Most times, Africans in Diaspora have been confronted with a couple of questions, such as:
Q. where are you from?
A. I am from Nigeria in West Africa.
Q. My cousin, Ramsey John, is working in the gold mines of Johannesburg, do you know him?
What is embarrassing about the above questions is not what they mean literally, but what they imply; namely, that Africa is so small (perhaps as small as one of the fifty states that make up the United states of America) that one who is from Nigeria in West Africa should be able to know someone who has no special affiliation to him except that he in Johannesburg, which is in South Africa.
For the benefit of our readers and those who ask such questions we shall give a brief geographical survey of Africa. Africa is often called the cradle of humanity; a home to a remarkable variety of people and cultures. It is a land of striking contrasts and wild beauty
Africa is the world’s second largest continents (second only to Asia). It comprises not less than 50 countries. Africa is the only continent that truly straddles the equator- the imaginary line that encircles Earth around its middle. It has an area of 11.7 million square miles, and is located squarely across the equator, with its northern and southern extremes nearly equidistant from the equator at 37-21â€™ North and 34-51â€™ south respectively. Four-Fifths of the area of Africa, which is about 9 million square miles, lie between the two tropics of Cancer and Capricorn. As a result of the geographic position of Africa, the great percentage of its vast lands enjoy the tropical climate that is generally warm and free from the violent fluctuations in temperature such as that found in North America. â€œMore significantly,â€ said American historian, Robert W. July: “Africaâ€™s geographic position affects the pattern of rainfall which, in turn, has a profound influence on African ecology and history.”
The latitudes adjacent to the equator north and south are covered by a blanket of low-pressure air which rises from the hot land in response to the near vertical rays of the sun. Thus is created a region of heavy rainfall, and here principally in the Congo River basin and the Guinea Coast of west Africa- is to be found the verdant rain forest capable at once of sustaining high population density and resisting the inroads of unwelcome intruders. This rich growth does not extend across the continent to east Africa, however, where wind, sea and topographical conditions limit precipitation and, hence, vegetation in that area.
As one moves away north and south of the equator the rainfall gradually diminishes through the zone of the trade winds until one reaches the subtropical high-pressure belt. Here the precipitation is less than 10 inches a year falling on the desert regions of Africa.
On the whole, as a result of African topography, one can say that Africa consists of a great block of ancient rock that has been little disturbed over 200 million years, except for periodic upheaval to the east and the south, peaking with Kenya Mountain, Kilimanjaro Mountain, and the Cameroon Range. A valley beginning with the Gulf of Agaba at the head of the Red Sea runs a course of 4000 miles southwards through the Ethiopian highlands, flanks Lake Victoria east and west, finally forms the Lake Malawi depression, and terminates on the eastern coast near the Mozambique city of Beira.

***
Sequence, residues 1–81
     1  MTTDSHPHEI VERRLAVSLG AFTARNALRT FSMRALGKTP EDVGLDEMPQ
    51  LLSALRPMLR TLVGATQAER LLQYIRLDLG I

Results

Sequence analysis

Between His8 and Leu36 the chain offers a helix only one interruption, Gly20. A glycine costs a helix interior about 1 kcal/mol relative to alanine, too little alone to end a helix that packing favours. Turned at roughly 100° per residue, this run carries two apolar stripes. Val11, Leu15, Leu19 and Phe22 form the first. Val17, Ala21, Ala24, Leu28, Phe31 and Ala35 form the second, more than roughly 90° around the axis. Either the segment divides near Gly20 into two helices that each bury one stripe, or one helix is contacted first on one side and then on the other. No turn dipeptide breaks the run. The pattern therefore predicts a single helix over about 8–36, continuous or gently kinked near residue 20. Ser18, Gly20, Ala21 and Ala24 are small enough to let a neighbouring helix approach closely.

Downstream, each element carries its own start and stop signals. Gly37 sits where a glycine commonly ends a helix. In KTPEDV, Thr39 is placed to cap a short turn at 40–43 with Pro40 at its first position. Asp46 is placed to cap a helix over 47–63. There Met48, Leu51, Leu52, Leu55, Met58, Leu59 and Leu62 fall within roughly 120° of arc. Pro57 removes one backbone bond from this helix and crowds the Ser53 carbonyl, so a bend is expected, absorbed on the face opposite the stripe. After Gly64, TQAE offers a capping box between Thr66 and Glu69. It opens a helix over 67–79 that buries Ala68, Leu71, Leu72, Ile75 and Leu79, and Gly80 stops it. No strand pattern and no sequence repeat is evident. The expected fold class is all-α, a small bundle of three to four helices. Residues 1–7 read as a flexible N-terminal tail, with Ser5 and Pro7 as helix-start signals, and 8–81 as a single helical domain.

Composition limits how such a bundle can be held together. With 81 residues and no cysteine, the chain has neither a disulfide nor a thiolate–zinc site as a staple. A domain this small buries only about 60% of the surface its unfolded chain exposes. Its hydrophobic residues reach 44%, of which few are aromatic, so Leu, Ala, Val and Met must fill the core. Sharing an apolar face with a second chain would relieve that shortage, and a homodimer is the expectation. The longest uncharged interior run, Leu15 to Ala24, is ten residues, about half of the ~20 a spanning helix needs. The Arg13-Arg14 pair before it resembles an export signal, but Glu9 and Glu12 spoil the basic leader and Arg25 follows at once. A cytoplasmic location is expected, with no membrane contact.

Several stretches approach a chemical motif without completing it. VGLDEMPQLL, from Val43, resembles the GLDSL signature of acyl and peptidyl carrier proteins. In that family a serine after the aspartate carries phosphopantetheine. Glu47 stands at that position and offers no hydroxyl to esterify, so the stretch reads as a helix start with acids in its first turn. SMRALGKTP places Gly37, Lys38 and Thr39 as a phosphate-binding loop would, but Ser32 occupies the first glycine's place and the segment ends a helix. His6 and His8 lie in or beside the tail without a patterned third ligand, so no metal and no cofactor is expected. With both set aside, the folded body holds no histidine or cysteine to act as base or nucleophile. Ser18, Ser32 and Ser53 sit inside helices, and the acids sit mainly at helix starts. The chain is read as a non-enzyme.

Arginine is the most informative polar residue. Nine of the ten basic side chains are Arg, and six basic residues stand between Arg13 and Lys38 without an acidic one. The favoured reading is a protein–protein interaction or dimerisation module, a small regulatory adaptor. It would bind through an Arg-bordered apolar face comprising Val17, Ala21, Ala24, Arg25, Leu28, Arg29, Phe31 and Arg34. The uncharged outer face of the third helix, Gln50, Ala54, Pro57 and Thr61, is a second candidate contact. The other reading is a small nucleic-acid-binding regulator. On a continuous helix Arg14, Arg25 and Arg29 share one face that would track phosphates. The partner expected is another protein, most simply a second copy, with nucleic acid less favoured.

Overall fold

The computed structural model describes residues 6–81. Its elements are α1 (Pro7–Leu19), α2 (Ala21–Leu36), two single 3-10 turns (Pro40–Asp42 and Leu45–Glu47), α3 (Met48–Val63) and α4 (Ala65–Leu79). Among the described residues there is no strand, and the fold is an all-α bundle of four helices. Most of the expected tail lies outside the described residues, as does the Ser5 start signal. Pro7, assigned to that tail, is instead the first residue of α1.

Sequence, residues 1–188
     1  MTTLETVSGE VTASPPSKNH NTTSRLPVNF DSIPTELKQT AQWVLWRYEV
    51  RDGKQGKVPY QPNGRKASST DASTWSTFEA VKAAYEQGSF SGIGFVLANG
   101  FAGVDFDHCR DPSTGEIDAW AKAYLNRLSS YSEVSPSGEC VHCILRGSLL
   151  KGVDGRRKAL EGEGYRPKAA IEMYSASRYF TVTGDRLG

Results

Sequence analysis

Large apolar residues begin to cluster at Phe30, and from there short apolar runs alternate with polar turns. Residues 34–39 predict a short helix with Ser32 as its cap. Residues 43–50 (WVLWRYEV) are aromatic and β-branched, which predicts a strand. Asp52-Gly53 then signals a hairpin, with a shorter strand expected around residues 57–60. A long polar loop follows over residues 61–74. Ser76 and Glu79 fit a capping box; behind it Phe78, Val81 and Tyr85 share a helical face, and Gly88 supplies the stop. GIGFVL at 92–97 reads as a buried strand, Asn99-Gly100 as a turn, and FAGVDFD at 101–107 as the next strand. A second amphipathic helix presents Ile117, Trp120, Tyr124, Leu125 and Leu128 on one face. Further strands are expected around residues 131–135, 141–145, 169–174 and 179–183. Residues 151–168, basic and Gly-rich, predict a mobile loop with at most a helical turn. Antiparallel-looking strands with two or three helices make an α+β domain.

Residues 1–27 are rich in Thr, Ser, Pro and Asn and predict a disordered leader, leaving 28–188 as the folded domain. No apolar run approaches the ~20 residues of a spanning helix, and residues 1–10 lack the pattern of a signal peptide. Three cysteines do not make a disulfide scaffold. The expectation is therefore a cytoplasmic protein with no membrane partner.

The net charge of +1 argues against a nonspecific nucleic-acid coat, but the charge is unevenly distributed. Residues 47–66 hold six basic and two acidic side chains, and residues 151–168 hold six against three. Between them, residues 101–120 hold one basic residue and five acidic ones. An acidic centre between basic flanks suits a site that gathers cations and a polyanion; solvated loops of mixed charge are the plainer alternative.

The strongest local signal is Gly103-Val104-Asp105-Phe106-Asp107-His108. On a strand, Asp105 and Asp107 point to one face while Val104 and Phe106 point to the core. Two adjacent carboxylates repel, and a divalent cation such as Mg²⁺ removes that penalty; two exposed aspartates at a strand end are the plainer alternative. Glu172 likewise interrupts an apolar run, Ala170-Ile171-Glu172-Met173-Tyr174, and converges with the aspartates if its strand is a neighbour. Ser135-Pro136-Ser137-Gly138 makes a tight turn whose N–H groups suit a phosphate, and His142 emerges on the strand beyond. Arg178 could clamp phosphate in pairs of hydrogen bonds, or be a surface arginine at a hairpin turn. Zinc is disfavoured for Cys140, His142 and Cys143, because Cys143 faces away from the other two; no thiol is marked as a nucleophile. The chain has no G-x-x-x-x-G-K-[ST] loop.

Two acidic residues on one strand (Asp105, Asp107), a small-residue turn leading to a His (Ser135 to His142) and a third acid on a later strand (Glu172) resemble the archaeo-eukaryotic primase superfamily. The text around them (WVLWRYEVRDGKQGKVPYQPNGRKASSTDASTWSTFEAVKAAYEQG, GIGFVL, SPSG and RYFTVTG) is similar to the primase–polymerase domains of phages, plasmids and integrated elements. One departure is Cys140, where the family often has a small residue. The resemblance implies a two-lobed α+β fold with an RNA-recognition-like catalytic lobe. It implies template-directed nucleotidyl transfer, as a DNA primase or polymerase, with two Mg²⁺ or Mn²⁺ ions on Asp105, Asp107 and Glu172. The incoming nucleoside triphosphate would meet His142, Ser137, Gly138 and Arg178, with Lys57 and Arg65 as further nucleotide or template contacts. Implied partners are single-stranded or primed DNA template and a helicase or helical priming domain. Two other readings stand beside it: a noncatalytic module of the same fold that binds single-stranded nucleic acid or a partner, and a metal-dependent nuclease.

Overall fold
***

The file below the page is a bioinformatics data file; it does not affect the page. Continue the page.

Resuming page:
The great Continent is blessed with a series of major rivers that meander through the land, much of their long passages occasionally spreading out into broad, shallow basins that once held inland Seas. In many places, these rivers spill over the continental edge of the plateaus in waterfalls, causing rapids before emptying into the sea. Most of the Land are very rich for Agriculture and Farming. A considerable means of internal transportation and communication is provided through the river system of Africa.
When most Europeans and Americans think about Africa, they – more than anything else – think famine, poverty, AIDS and countries torn by civil war. News reports emerge mostly at moments of high urgency to inform us of issues that require our immediate attention. And though these â€˜waves of interest’ increase awareness and involvement, they are short lived, therefore, wrongfully creating the impression that the problem is solved. As a result, our views of Africa are fragmented and pigeon-holed, foregoing that Africa is much more than famine and safaris, or a continent devoid of hope. Lacking this broader understanding, it becomes increasingly difficult to support a continent that seems to be so far away and unrelated to our world.
This brief explanation of the African Continent will help us and our readers understand and balance their myopic judgement on Africa and expose them to a continent that is endowed with rich natural resources. click to view the article in pdf